We spent a day at the Biltmore Estate. George Vanderbilt constructed Biltmore in the late 1800s. He was inspired by many of the French castles, chateaus and manor houses he had visited in his European travels. The mansion is decorated with all of the gilding one could expect from the American industrial barons of the time. It was also fully electric and plumbed with running water. Ammenities included an indoor winter garden, a 7-story tall grand dining hall, a heated-indoor pool, an indoor gym, an indoor bowling alley, and more guest suits than some hotels. It is the apex of Victorian American extravagance. The estate was also the anchor of George Vanderbilt's 120,000+ acres. Today the estate is a mere 8,000 acres of its original size. A good portion of the estate eventually became Pisgah National Forest, as one of George Vanderbilt's contributions was the founding of modern forestry in the country.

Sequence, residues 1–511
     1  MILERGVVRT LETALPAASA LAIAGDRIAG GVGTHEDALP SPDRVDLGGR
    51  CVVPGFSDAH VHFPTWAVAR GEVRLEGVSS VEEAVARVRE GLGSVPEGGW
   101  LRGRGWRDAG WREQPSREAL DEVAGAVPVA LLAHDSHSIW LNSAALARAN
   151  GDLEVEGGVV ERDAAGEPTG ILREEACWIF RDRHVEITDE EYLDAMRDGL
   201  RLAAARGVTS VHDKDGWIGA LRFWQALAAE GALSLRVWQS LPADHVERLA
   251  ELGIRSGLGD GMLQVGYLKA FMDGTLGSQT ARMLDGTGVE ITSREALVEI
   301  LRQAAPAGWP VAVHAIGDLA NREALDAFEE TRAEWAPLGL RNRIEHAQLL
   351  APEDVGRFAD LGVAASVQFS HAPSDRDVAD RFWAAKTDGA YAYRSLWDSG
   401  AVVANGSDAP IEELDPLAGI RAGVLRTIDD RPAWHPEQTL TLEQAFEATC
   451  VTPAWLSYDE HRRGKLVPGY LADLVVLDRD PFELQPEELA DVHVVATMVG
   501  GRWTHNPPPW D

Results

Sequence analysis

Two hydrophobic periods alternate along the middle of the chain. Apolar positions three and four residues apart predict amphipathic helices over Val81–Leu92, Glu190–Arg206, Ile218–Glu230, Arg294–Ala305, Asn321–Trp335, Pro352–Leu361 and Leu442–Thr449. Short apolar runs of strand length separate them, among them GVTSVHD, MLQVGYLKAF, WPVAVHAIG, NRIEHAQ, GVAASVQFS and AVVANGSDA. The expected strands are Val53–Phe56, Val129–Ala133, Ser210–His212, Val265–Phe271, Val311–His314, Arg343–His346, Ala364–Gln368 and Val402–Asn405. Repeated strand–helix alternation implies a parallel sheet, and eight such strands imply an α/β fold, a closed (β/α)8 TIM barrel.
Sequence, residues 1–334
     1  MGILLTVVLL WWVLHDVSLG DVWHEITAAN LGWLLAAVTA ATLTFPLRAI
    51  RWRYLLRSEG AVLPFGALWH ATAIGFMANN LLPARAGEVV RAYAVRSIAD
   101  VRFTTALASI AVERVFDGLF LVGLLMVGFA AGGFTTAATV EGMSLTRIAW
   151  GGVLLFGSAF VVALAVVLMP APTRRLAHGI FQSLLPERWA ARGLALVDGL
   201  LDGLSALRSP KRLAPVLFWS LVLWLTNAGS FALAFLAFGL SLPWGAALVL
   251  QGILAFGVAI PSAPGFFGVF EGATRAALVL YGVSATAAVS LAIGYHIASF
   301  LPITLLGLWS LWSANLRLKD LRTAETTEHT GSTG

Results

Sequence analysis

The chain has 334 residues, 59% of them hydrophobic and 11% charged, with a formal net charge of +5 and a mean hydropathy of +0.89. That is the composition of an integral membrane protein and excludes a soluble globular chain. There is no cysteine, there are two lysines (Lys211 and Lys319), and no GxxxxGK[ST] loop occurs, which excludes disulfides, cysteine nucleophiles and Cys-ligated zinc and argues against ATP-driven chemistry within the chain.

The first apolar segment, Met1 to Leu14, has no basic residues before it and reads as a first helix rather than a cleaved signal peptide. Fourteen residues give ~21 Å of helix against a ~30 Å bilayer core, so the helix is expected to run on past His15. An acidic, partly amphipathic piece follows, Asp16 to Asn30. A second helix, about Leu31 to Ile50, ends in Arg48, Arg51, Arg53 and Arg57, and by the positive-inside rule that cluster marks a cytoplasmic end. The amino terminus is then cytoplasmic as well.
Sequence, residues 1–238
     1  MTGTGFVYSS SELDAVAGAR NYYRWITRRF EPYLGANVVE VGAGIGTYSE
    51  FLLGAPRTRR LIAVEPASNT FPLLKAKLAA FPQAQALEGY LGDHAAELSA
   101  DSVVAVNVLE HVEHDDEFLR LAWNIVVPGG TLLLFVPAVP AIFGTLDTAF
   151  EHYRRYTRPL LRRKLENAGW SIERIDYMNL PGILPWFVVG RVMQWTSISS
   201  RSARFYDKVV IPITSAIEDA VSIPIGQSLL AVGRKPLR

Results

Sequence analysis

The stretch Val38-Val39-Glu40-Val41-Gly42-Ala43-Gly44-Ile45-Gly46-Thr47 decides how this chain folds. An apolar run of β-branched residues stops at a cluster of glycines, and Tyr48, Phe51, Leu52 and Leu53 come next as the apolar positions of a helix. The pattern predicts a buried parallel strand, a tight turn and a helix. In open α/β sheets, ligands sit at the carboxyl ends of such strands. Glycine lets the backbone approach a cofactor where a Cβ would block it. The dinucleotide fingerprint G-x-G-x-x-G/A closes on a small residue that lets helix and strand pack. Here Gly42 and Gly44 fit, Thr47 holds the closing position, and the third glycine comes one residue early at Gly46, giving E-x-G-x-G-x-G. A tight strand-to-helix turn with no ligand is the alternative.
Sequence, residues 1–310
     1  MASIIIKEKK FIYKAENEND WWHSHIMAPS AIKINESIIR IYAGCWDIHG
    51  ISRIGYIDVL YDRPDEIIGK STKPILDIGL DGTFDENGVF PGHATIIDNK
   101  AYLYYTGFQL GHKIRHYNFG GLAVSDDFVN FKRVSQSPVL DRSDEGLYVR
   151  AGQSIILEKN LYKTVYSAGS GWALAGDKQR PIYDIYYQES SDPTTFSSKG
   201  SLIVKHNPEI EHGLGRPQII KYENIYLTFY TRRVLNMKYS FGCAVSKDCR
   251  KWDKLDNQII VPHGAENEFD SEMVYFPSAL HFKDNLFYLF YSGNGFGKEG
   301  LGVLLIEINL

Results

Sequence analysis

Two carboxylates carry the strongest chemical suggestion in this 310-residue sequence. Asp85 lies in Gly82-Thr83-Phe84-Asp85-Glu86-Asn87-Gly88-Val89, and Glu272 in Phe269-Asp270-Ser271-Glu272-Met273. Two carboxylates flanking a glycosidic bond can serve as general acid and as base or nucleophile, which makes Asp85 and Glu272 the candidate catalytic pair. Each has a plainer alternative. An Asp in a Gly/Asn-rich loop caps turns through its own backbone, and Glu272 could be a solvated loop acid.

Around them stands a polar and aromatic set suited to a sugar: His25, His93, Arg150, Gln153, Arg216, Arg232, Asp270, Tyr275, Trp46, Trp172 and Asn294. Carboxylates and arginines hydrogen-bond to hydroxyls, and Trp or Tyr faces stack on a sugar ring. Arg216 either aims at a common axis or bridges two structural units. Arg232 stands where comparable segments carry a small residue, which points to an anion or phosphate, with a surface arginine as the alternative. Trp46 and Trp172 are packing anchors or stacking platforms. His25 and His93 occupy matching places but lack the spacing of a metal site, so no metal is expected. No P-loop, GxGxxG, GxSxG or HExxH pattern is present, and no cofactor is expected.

The Vanderbilts collected countless artworks for Biltmore. There are medieval tapestries, Napolean's chess set and chess table, thousands of books including rare first editions, and of course many, many paintings. It is quite a sight to behold.
The estate's gardens were designed by the same landscape architect that designed New York City's Central Park. The gardens are still maintained today and showcase many species of flowers, trees, and shrubbery. They are particularly inspiring in the Spring when the Estate holds its Festival of Flowers.
While we were at the estate the weather was mostly overcast with periodic rain showers. We still got to walk around the gardens though as the rain stayed away most of the time we were outside. The overcast skies made photography difficult throughout the Estate. I would have liked to have photographed some of the interior, but they don't don't allow photography inside.
© Craig A. Lee